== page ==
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Charlotte Amalie
Monday, January 30, 2023
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Government History and How We can Change It

Dear Source:
Over the years, the people of the Virgin Islands have been thwarted in their attempts to have a government that is truly "of the people". There is an historical reason for this. The Organic Act, the document that was created by Congress back in 1936 in an attempt to provide some sort of "constitutional" language for its newly acquired territories, came into effect in the Virgin Islands on this date and allowed a "municipal" kind of government by having provincial rule in the St Croix and the St Thomas/St John districts. Prior to that, from 1917 to 1936 the laws that Virgin Islanders lived by were the old Danish laws. During that time, the United States government ran the affairs of governance through the Department of Defense-the Navy, and through an appointed governor. In 1934, the job of governing was given to the Department of the Interior, where it remains today. In 1954, that all changed when the Organic Act was revised to allow a legislature, a centralized government and abolished the provincial rule. The legislature consisted of 15 elected senators as it is today. During the time between 1954 and 1970 the Virgin Islands still had a governor who was appointed by the President. In 1968 the power to have an elected governor, in addition to a representative to Congress, was given via the Organic Act and in 1970 the first Virgin Islands governor was elected.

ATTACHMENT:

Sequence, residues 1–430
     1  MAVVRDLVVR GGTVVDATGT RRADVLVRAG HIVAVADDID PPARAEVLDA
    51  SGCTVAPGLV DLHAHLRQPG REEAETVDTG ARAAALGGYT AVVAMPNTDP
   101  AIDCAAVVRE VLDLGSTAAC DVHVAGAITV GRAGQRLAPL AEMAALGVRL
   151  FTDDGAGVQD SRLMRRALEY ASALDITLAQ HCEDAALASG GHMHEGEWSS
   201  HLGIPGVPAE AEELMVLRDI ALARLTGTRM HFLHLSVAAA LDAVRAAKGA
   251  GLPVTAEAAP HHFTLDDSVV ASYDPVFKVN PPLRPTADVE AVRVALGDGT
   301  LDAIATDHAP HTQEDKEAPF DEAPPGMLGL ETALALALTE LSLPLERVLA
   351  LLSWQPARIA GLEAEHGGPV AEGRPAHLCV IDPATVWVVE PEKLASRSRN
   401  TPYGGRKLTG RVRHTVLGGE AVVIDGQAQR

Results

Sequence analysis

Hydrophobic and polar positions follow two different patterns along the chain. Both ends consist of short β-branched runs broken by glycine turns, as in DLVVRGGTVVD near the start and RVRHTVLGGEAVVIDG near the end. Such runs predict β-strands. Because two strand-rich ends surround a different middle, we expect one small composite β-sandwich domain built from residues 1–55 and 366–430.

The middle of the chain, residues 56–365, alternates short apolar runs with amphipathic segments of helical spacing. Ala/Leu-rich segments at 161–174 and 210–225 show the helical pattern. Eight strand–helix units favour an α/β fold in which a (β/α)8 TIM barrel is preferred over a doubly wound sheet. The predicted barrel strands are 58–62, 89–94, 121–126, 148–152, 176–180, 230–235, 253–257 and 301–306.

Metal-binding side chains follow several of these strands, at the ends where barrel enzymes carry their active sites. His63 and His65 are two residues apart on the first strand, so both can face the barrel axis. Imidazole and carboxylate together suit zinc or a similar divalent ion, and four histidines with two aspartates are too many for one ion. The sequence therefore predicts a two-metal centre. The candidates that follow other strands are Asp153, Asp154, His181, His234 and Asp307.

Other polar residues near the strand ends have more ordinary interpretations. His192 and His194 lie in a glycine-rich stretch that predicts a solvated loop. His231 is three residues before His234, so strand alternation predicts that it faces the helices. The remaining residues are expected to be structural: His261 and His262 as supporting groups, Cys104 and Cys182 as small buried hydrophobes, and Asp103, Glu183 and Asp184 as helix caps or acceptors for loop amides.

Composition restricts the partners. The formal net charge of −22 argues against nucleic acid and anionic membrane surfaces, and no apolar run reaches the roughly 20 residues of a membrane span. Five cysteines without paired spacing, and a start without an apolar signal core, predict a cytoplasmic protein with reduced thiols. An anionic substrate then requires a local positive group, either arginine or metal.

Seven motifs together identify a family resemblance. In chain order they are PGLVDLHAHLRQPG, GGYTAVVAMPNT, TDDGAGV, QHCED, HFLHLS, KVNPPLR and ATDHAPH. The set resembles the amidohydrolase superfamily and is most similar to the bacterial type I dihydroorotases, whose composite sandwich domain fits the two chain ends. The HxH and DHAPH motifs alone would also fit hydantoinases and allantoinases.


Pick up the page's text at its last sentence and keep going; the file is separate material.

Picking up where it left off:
Between 1954 and 1970, the legislature effectively ran the government. The appointed governor was of little consequence when the laws of the Virgin Islands were created locally and his signature was a mere formality. The US wanted the VI to be governed locally and allowed the legislature to have broad powers. Even the first locally appointed governor (Paiwonski) was effectively, a puppet to the legislative body.
And so, our present governmental structure is only 36 years old, a mere baby when you consider the governments of most of the world. In those 36 years we have found that the ability of the executive branch to have a real impact on how the government is run is constantly thwarted by the inherent and historic power of the legislature. We have seen signs that the governor, rightfully, is using the power of the executive branch to remove the imbalance of power away from the legislature and to create a level field in terms of that balance. We see the legislative branch consistently attempting to create policy rather than act as the balancing body to prevent the executive branch from taking too much control, as the US Constitution and the intent of the Organic Act requires.
Until this "push-pull" mentality is ironed out, we will see more imbalances of power within Virgin Islands government. The reason this is allowed to continue is we still live under the Organic Act, which does not clearly define the roles of the two bodies. The only possible way to counteract this imbalance is the creation a Constitution that defines the roles of these branches of government.
A Constitution for the Virgin Islands must steer us away from the debacle of almost infinite legislative power and place a proper balance among the three branches of government.
On June 12, 2007 you will be asked to vote for delegates to the fifth attempt at creating a Constitution. Choose well, we all have a chance not only to change history but to make it.
Paul Devine
St. John

Editor's note: We welcome and encourage readers to keep the dialogue going by responding to Source commentary. Letters should be e-mailed with name and place of residence to source@viaccess.net.

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